What is hyperemesis gravidarum?

If you follow the British royal family, you may recall that Kate Middleton, Duchess of Cambridge, experienced hyperemesis gravidarum during all three of her pregnancies. In fact, during her first pregnancy the problem was so severe that she was briefly hospitalized! Reading this news a few years back, you may not have paid much attention. If your pregnant partner is suddenly throwing up more than seems normal, though, you may be getting nervous. Is it morning sickness, or could it be hyperemesis gravidarum?

It’s important to note that nausea is very common during pregnancy, and typically harmless. It’s uncomfortable, to be sure, but fortunately, it usually resolves by the end of the first trimester, although some people experience it for up to 20 weeks. Nausea during the first trimester, sometimes accompanied by vomiting, is known as morning sickness. It doesn’t usually cause dehydration, though it can leave a woman fatigued, with appetite loss, and it can cause her to have trouble with her normal daily activities.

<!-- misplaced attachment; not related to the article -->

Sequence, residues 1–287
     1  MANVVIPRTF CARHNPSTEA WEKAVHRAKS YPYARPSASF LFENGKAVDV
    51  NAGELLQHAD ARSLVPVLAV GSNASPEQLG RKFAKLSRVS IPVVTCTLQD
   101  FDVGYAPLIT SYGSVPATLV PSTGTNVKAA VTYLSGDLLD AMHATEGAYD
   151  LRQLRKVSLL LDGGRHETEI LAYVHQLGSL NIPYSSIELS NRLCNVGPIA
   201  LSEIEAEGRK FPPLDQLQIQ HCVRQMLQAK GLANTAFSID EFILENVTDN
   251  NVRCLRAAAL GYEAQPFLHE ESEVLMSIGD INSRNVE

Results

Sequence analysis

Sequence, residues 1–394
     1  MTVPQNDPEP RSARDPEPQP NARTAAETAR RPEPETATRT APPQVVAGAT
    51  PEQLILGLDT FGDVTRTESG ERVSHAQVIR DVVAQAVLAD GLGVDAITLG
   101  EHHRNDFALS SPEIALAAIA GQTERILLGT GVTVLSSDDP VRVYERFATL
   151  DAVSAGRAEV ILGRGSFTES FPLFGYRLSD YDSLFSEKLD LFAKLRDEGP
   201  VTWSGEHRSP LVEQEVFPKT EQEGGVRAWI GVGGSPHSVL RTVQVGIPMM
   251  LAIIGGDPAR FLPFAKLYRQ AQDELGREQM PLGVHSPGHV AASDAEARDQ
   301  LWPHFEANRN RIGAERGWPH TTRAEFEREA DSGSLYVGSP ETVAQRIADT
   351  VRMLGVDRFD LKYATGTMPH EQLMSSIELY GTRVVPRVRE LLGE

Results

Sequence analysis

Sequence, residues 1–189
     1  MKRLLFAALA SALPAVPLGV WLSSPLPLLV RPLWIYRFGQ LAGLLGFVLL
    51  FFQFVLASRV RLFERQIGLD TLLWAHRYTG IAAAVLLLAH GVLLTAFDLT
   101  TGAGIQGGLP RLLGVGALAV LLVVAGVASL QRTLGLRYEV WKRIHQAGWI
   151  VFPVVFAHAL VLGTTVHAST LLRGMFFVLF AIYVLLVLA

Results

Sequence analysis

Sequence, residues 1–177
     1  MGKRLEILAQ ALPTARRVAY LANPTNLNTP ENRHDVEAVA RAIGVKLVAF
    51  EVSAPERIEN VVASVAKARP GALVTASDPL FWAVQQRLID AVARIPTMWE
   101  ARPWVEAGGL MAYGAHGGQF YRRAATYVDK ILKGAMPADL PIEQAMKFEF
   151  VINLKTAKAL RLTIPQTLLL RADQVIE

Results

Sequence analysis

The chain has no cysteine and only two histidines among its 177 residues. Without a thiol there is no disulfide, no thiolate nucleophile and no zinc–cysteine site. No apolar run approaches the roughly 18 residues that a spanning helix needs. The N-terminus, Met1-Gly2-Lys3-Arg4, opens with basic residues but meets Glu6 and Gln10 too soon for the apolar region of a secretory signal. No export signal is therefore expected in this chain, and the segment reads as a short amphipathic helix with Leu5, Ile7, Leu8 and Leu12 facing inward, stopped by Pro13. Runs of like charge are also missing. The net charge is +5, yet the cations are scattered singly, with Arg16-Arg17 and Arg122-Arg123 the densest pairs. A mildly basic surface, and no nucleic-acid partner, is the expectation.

Hyperemesis gravidarum (HG) is not nearly as common. In fact, it only happens in .5 to 2 percent of pregnancies. With this condition, the nausea won’t go away, and the vomiting is so severe that the person can’t keep any foods or fluids down and becomes dehydrated. These symptoms can be debilitating, typically start in the first 6 weeks of pregnancy, and can cause fatigue that lasts for weeks or months. It’s a major concern not just because of the dehydration, but because it prevents proper weight gain during pregnancy. A woman with hyperemesis gravidarum can lose more than 5 percent of her body weight because of the nausea and vomiting.

A woman is more at risk for HG if she has a family history of the condition, is pregnant for the first time, or is carrying multiples. Trophoblastic disease, a condition that occurs when there’s abnormal cell growth in the uterus, can also cause HG. There’s no way to prevent hyperemesis gravidarum, but it can be treated. Depending on the severity of the symptoms, treatments vary. Mild cases might be treated with natural nausea treatment, dietary changes, rest, or antacids. In some cases, acupressure or homeopathic treatments can be helpful, but it’s important for anyone with HG to talk to a doctor and refrain from self-medicating. More serious cases of HG require hospitalization. In the hospital, treatments include intravenous (IV) fluids, tube feeding, and medication. If you have any concerns during pregnancy, calling your doctor for advice is always a good choice to promote a healthy pregnancy.

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